**Lakatos method**

The method developed and suggested by Lakatos [9] is based on the assumption that the occurrence of an expected event has an equal weight in all times and that the hazard rates for individuals in different groups are the same in all times [10]. Recording time, follow-up time, and time-dependent hazard rates are used as parameters. This method is based on the Markov model with the variance of the log-rank statistic and an asymptotic mean. In this method, power can be calculated for four different cases, namely, hazard rates, median survival time, survival rate and mortality rate. In this study, the power is calculated for the hazard rates.

The parameter hazard rate is determined individually for the control group and the treatment group. The median survival time (MST) is determined and can be converted into hazard rates using the following relationship:

The parameter survival rate indicates the rate of survival up to T_{0} (constant time point) and can be converted into hazard rates using the following relationship: .

The parameter hazard rate is determined individually for the control group and the treatment group. The median survival time (MST) is determined and can be converted into hazard rates using the following relationship:

The parameter mortality rate indicates the rate of mortality up to T_{0} and can be convertedinto hazard rates using the following relationship:

The proportional hazard assumption may be violated in calculating the power and sample size for the Log-rank statistic. In this case, the sample size formula based on the Markov Process, suggested by Lakatos, can be used. In this process, the survival model contains the following parameters: noncompliance, loss of follow-up time, drop-in, and delay of treatment's effectiveness over the course of the trial. The expected value and variance of the Log-rank statistic is calculated using the hazard rates and the risk rates in each different interval. Lakatos stated that in order to calculate the sample size, the trial period needs to be divided into N equal intervals. The interval should be long enough to fix the number of patients under risk and risk rate in each interval. The sample size required to obtain the test's power (1-*p)* can be calculated by Equation (1) below, where *0 _{k}* is the hazard rate of the incident in the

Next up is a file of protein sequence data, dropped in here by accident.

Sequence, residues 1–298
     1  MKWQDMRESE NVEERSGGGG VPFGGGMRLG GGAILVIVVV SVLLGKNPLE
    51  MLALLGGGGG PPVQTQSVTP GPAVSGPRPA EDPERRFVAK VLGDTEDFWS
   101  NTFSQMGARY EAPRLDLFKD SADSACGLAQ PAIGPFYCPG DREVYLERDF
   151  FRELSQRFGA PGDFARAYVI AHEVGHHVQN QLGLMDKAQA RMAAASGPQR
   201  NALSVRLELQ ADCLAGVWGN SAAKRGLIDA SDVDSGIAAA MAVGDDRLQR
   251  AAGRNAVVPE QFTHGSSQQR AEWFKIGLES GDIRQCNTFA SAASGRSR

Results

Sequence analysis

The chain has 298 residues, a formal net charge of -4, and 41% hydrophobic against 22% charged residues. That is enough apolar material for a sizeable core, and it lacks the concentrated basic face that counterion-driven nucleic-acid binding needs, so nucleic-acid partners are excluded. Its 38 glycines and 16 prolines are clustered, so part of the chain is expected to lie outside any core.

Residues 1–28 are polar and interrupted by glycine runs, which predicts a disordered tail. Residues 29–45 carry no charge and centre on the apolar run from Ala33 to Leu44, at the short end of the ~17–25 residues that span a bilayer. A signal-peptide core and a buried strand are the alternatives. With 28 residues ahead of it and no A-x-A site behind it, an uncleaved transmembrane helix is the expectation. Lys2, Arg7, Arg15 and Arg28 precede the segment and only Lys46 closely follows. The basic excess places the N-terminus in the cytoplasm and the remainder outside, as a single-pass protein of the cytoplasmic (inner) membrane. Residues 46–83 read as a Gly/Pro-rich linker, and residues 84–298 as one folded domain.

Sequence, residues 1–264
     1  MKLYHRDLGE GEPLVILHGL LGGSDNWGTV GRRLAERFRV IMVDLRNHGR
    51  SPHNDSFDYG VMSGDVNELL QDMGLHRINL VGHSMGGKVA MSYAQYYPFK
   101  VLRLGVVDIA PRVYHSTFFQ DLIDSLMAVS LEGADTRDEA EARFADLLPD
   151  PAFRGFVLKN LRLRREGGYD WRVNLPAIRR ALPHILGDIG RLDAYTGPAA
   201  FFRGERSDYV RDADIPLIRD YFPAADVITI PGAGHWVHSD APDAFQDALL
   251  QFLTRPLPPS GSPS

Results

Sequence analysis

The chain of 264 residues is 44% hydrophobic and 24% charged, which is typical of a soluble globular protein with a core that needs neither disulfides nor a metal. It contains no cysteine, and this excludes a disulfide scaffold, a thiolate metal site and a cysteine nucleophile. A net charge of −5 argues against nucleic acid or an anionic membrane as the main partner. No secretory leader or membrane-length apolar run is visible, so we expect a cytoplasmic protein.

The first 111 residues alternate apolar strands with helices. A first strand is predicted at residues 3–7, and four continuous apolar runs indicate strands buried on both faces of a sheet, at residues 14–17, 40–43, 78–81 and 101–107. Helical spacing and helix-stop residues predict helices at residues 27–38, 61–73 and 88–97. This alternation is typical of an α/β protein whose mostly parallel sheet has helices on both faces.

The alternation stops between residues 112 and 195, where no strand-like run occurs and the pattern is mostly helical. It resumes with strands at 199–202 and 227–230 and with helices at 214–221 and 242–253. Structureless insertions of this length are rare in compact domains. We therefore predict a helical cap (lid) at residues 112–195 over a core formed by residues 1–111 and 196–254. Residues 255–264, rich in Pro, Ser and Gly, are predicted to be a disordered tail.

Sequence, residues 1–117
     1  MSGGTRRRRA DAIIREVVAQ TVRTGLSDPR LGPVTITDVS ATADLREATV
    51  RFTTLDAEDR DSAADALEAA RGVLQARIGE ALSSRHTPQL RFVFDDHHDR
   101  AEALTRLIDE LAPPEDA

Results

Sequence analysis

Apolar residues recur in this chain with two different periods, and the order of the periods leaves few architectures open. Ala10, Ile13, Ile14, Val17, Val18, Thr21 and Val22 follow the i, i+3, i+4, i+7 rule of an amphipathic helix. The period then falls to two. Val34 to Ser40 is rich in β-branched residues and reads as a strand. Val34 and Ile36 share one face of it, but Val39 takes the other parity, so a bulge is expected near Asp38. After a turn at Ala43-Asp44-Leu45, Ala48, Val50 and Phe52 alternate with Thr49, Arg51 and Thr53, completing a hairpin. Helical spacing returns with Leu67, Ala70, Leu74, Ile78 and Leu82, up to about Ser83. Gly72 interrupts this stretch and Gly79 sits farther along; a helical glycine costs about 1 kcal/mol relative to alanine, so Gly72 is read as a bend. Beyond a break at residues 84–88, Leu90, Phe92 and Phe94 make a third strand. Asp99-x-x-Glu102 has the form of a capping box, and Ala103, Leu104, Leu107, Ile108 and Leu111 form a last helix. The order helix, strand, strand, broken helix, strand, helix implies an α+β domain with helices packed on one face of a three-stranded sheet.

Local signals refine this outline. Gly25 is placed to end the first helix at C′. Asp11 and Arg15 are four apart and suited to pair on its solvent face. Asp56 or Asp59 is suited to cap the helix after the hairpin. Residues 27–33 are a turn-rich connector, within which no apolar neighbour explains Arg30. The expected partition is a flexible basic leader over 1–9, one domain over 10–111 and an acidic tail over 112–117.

*k*interval,

^{th}*k*is the ratio of patients under risk in the two treatment groups in the

*k*interval,

^{th}*d*is the number of deaths that occurred in the

_{k}*k*interval, and d is defined as

^{th}

**Results and Discussion**

The simulation results obtained are given in Table 1 & 2. The test’s power increased while the duration of the trial (recording time), sample size and incidence rate increased. The same results can be seen in Figure 1 & 2 as well. When the cumulative incidence is approximately 65% and the sample size is 100 in the recording time 1, the test's power reaches up to 80%. When the cumulative incidence is approximately 73% and the sample size is 100 in the recording time 2, the test’s power is approximately 84%. Therefore, the power value increases while the survival rate in the control and treatment groups increases.

**Conclusion**

Calculation of sample size is a very critical stage in clinical trials. However, this stage is often bypassed due to complexity of the procedures, which may affect the reliability of the results and result in wasted time and resources used in implementing the clinical trial. In survival analyses, log-rank test is often used to compare two treatment groups. In the present study, a simulation was carried out, and the test's power was assessed through the Lakatos method, one ofthe log-rank tests, in different sample sizes. In calculating the power of the test, the hazard rate was accepted to be 0.50 and the type I error was accepted to be 0.05. Power values were calculated for the different values of recording time, cumulative incidence, and survival rates of groups. According to the results, when the recording time is 1, the test's power is approximately 80%, whereas the recording time increases, the power value rises above 80%. Thus, the test’s power increases while the recording time increases. Also, as the cumulative incidence, sample size and survival rate increase, the test's power increases as well. As can be seen in Figure 2, when thetest’s power is above 80%, the sample size is above 100.

In a simulation study conducted by Alkan et al. [6], it was shown that as the recording time increased, the sample size increased as well in order to achieve a power above 80%. Sample sizes for achieving a power above 80% were found to be 270, 310 and 410. In their simulation study, Lakatos & Lan [1] calculated the test's power to be approximately 90% as the sample size and incidence rate increased. Therefore, they noted in their studies that the Lakatos method gives more accurate results compared to other methods, particularly under the assumption of nonproportional hazard. In conclusion, working on a sample size smaller than what is required in scientific studies decreases the power of the study results, whereas working on a sample size larger than what is required means a waste of time and resources. Thus, by determining an optimum sample size in accordance with the research hypothesis in the beginning of the study, it is possible to ensure the reliability of the study results and prevent the waste of resources.